Instructional materials clearly identify opportunities and supports for students to engage in reading a variety of text types and disciplines to become independent readers at the grade level. There are a variety of text types and disciplines in the materials, including, poems, short stories, nonfiction, drama, novel excerpts . However, it is unclear in the materials how students will build stamina, read for extended periods of time, and other such activities that build students from strong readers in a group setting to strong readers independently. While, instructional materials clearly identify opportunities and supports for students to engage in a volume of reading as they grow toward reading independence at the grade level, there is no clear opportunity for students to independently engage in a volume of text (or a shorter piece of text). There are no clear supports for teachers and/or students to monitor progress toward grade level independence.There are no clear supports to engage students in this independent reading.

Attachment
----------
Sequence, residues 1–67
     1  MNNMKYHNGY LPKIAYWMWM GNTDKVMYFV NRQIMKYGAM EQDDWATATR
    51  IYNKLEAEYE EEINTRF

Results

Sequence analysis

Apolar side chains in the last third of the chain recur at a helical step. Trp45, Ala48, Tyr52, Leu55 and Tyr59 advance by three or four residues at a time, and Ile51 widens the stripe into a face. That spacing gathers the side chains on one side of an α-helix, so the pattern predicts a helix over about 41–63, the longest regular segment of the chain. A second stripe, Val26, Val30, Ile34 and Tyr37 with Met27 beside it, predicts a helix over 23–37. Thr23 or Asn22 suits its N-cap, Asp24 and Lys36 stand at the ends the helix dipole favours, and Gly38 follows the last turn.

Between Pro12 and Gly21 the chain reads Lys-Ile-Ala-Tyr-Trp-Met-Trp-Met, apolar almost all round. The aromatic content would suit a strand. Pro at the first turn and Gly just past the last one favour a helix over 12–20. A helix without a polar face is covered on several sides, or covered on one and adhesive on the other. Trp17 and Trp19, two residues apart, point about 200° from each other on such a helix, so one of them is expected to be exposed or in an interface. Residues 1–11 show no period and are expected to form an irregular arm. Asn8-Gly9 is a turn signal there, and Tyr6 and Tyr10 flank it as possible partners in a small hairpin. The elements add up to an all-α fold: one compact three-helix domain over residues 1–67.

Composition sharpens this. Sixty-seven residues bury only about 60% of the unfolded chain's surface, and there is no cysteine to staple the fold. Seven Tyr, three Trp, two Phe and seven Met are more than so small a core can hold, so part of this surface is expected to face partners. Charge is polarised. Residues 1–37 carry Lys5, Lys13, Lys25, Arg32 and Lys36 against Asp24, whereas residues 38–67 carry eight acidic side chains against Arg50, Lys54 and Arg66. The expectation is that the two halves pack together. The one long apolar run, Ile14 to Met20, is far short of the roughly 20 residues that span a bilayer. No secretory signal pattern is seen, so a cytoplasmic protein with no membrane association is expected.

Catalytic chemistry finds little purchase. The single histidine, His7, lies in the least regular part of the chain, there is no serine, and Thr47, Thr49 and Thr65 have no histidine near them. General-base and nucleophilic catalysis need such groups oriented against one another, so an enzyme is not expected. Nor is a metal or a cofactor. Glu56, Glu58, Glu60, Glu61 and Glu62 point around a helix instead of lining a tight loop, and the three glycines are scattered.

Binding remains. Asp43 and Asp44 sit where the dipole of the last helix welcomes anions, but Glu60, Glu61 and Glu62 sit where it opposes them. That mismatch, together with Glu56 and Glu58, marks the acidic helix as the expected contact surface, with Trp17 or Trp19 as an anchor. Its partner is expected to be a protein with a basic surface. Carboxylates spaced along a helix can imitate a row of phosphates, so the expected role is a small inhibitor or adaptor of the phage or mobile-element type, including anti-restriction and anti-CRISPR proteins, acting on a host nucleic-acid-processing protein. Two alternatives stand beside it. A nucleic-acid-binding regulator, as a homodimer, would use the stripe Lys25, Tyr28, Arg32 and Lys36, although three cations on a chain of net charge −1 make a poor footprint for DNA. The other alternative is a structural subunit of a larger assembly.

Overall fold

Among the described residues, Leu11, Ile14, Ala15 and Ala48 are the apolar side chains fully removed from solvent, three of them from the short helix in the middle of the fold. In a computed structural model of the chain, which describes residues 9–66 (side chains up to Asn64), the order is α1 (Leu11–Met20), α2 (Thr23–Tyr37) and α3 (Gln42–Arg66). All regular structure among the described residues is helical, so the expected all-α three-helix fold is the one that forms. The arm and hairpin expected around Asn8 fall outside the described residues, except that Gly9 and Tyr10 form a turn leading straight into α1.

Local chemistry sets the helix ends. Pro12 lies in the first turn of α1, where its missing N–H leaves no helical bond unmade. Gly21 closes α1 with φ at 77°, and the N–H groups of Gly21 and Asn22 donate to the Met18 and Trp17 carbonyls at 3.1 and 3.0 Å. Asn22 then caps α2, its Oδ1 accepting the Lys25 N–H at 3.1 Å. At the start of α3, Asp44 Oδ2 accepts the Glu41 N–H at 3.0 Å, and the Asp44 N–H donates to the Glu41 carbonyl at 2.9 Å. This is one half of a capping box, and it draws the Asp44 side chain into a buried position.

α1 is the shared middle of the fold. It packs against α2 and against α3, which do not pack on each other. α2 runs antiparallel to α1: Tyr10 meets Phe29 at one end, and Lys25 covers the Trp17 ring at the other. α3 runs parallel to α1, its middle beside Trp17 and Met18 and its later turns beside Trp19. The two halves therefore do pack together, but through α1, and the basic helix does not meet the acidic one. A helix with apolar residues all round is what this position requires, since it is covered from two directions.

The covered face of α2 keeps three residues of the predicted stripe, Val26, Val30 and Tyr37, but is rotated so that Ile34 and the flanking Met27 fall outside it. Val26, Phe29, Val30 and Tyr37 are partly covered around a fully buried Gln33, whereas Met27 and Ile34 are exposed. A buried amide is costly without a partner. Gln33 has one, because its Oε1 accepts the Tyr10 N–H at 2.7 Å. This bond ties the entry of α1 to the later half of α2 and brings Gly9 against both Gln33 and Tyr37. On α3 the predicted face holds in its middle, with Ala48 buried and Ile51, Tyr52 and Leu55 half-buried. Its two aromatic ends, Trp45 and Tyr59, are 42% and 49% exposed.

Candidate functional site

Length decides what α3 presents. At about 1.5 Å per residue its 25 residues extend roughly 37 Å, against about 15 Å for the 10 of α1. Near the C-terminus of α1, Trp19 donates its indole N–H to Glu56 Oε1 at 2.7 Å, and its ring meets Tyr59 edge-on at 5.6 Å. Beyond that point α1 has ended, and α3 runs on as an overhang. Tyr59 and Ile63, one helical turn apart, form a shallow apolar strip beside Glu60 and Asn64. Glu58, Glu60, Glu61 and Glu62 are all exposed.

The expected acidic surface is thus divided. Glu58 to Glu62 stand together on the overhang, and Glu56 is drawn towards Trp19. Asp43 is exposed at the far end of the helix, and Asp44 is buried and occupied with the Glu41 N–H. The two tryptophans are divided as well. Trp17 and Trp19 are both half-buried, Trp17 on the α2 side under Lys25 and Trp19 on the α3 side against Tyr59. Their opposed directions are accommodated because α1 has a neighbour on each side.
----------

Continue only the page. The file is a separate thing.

There is no clear mechanism for progress monitoring of student reading achievement towards independence at the grade level.

  • Unit 1 contains a large variety of genres and topics related to the theme of “The American Experience”. Selections include 3 myths, 6 essays, 2 political documents, 3 narratives, 3 poems, 1 sermon, 3 speeches, 1 argumentative text, 1 functional text, 1 biography, 3 autobiographies, 2 letters and 1 blueprint. The volume of reading alone would help help a student build toward independence.
  • Unit 2 also provides a rich variety of genres and topics including, 6 essays, 1 short story, 1 field report, 4 poems, 2 autobiographies, 2 letters and 2 blueprints.

Criterion 1g - 1n

Materials provide opportunities for rich and rigorous evidence-based discussions and writing about texts to build strong literacy skills.
11/16
+
-
Criterion Rating Details